This transition was not only because working in ink on paper was prevailing in the Chinese art circle then, but was also simply a matter of practicality: his home in Beijing was too small for storing large canvases, whereas traditional Chinese paintings on paper could be folded and stowed away. 

Above all, however, his return to the Chinese medium stemmed from his desire to convey moods and feelings beyond the technical scope of oil paints. 

A Hill City, the top lot of the sale 

The present-day Hill City

With newfound freedom, Wu began to travel extensively across his beloved motherland, tirelessly carrying his painting materials up through hills and down alleyways in small towns, seeking, recapturing, and immortalizing its vistas and natural beauty. 

A place he particularly took interest in was the mountain city of Chongqing, which sat at the intersection of the Yangtze and Jialing rivers in southwestern China. He later explained, "During the Japanese occupation, I lived on the outskirts of Chongqing for five years. I have fond memories of my days in this city, a place which can be called my second home and one of my favourite subjects for painting."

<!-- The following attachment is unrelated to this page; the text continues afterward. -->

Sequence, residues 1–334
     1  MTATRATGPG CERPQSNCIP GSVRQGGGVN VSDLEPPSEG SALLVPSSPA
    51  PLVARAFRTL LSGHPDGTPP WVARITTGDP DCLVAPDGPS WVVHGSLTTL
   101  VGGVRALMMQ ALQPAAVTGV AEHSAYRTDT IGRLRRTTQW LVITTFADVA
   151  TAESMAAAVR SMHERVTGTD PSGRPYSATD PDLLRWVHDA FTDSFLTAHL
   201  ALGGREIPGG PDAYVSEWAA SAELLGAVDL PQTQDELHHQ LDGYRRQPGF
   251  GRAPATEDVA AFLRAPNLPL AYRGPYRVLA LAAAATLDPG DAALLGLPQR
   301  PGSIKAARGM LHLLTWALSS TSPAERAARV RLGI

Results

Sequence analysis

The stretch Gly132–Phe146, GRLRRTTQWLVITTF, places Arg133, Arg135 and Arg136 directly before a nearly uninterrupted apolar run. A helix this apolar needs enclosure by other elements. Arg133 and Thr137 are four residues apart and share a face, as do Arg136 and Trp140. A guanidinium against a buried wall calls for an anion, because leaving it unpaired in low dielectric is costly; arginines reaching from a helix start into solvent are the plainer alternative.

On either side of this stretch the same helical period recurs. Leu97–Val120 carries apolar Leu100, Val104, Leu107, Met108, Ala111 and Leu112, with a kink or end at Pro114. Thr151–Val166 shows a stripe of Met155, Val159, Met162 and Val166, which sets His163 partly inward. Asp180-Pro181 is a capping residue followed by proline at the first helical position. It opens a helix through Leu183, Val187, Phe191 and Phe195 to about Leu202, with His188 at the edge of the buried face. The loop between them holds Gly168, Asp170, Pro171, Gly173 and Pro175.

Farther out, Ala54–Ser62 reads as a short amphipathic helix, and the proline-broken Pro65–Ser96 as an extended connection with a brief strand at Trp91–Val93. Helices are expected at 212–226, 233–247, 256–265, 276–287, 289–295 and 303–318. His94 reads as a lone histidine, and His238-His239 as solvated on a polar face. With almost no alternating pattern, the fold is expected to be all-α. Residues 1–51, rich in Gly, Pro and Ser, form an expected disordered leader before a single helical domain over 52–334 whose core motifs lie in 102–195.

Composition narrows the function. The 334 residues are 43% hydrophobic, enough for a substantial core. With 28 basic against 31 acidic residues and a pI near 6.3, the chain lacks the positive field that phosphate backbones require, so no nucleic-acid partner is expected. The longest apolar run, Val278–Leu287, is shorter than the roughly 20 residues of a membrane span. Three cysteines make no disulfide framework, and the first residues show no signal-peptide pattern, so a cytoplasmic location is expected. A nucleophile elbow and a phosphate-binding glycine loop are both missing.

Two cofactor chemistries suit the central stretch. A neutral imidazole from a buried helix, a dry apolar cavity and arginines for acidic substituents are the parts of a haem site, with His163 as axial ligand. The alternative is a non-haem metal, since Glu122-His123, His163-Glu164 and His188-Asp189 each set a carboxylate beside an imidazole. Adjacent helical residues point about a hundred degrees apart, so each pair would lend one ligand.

Depicting his "second home", A Hill City demonstrates the artist's enthusiasm for the transition from oil to ink painting. Here, the composition is distinctly different from the flattened perspective of traditional landscapes.

Starting from the foot of the mountain, the body of hills rises upward along with the tall trees. The mighty mountains are dotted with the colours of the people living in the mid-levels so that it is not impermeable. 

Though the mountain is steep, a narrow path of stairs curves through the mass to lead up to the clouds, giving a sense of dynamism in the otherwise vertical structure. At the top of the hill is the “Hill City,” where modern buildings are stacked and arranged, becoming one of the focal points of the painting.

Details of the top lot

Details of the top lot

Details of the top lot

The work came from the collection of Sir William Ehrman, a retired British diplomat and ambassador who was stationed in Mainland China and Hong Kong in his early years, and participated in the Sino-British negotiations on the handover of Hong Kong in the 1980s. He later served as Political Adviser to the Hong Kong Government and British Ambassador to China from 2006 to 2010.